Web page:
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Ogren: Outsourcing thought to AI bots

AI is coming to education and the workforce, bringing the ability to outsource intellectual labor.
Image by Mary Ellen Ritter

In a March open letter from the Future of Life Institute, more than 1,500 tech leaders expressed their concerns about the pace of AI development, calling for increased regulation of this breakthrough technology.

The letter suggested a six-month pause on AI development to allow regulations to be implemented — a pause that would allow us to think critically about the future of AI and its implications, both positive and negative.

If it happens, this will be an important period for thinkers both in and outside of the tech community to have real, open discourse about potential uses and developments in AI, and what safeguards will need to be put in place.

The writing of an open letter suggests these tech leaders want to include broad input in future decisions about AI. This in itself is a huge positive, as tech leaders are seeking transparency between themselves and the public.

One major issue to consider with the AI boom is how to preserve the development of critical thinking skills in future generations as more and more intellectual labor is outsourced to AI programs.

While AI may not surpass human abilities, it is possible intellectual outsourcing may cause human skills to deteriorate below the benchmark.

AI has already begun to spread to educational tasks like essay writing and workforce tasks like document preparation. While outsourcing menial tasks to AI may contribute to better efficiency and productivity, it may also have negative side effects on our critical thinking skills over time.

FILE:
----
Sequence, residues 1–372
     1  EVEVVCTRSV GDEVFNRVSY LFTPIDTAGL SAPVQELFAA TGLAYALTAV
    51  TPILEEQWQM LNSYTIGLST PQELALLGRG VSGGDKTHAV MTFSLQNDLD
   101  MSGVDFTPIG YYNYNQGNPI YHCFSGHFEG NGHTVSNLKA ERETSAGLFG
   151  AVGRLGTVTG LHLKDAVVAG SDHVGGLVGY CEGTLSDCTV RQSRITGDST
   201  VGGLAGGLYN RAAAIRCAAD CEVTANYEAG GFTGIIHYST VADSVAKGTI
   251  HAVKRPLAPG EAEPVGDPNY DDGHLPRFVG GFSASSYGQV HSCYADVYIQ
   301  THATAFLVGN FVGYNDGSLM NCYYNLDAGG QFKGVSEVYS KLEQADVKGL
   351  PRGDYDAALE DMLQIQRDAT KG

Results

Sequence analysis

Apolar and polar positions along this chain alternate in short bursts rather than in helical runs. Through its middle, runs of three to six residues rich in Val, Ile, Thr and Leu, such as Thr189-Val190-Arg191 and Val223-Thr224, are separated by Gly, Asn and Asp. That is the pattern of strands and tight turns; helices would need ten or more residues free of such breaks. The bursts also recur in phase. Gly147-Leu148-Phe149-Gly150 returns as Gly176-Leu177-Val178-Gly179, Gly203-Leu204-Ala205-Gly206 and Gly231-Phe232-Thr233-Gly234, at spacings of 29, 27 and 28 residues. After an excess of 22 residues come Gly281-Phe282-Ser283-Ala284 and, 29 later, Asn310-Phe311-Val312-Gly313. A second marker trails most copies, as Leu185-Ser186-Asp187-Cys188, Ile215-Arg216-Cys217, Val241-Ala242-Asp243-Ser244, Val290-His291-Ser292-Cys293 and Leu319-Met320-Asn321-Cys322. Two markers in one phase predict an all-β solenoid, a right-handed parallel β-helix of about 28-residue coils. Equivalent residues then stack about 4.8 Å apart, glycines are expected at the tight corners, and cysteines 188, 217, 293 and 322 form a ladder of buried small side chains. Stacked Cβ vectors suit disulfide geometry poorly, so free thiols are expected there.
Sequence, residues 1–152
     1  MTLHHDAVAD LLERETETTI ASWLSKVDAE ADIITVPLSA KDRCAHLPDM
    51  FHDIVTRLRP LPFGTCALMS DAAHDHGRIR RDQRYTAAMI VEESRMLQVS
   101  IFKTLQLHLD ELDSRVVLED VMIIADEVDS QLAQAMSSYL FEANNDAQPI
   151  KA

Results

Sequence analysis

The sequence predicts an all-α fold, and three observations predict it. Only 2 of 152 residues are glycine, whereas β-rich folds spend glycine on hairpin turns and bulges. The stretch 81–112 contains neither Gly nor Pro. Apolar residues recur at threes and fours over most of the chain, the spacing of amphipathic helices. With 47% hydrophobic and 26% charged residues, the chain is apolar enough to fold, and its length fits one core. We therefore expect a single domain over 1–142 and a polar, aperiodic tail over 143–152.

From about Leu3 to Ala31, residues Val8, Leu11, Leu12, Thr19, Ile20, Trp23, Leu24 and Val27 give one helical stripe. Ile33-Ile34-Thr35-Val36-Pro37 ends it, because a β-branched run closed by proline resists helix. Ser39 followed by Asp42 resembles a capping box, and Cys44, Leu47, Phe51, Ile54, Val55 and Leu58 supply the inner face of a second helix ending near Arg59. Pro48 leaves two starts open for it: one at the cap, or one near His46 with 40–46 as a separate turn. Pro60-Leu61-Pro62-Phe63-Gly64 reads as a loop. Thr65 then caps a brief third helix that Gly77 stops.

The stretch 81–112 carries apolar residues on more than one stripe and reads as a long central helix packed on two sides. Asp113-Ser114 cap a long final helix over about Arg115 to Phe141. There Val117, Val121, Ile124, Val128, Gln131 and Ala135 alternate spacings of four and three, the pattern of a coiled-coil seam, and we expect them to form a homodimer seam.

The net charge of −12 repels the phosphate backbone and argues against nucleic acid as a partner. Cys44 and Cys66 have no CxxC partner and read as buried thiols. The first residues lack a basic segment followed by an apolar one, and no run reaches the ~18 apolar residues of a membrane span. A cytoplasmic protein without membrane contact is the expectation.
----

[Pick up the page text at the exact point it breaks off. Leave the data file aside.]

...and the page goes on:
Critical thinking skills are hard to develop but are absolutely crucial for human intelligence. One of the most common ways students are asked to practice and showcase these skills is essay writing. If this task is outsourced to AI programs and these generated essays are able to achieve satisfactory or exemplary grades, then the student may skip most opportunities to develop critical thinking skills.

Now, students can and definitely should review their AI-generated essays for accuracy and make sure they understand what their essay is arguing, but critique is a far cry from full-form critical thinking.

And critique will be necessary to weed out the misinformation that AI can produce. AI platforms have a tendency to generate misinformation, as Sandra Wachter, an expert in technology information at Oxford University, told Science.

She also pointed out the six-month pause is fairly arbitrary and is unlikely to be a complete solution, and these questions need to be decided among people beyond just the tech community.

So far, the Biden administration has put out an AI “Bill of Rights” to try to regulate AI platforms, but the principles are voluntary.

From the regulatory end, the story is far from over. We will have to wait and see how it pans out, and speak our concerns to help shape the developments. We also must act now to prevent the critical thinking deficits that may arise in students from missed learning opportunities.

It may be unpopular, but in-person, real-time written or oral exams need to be regularly used in classrooms. These put a lot of stress on students, but it is absolutely essential that students learn to generate their own thoughts and communicate them effectively. With the growing popularity of AI, stepping away from evaluations that are easily completed with AI support may be the only feasible and affordable way to ensure our students develop these crucial skills.

Schools are already struggling. Declines can be seen in many aspects in schools, from skills to graduation rates. At least a large part of this is likely due to declines in available funds, which affects some schools more than others. If schools were able to enjoy some of the cash flow and developer interest AI platforms are currently enjoying, school outcomes might turn around.

AI can be a wonderful tool, but we need to be very picky about what it can and cannot be used for in terms of outsourcing intellectual labor. We need to preserve the ability of human beings to think critically because that may be the only way we can continue to outsmart machines.

We cannot let ourselves fall behind while technology charges ahead.

Would you like Allison to follow up on this topic or explore something specific? Contact her at [email protected] with questions, comments or story ideas.

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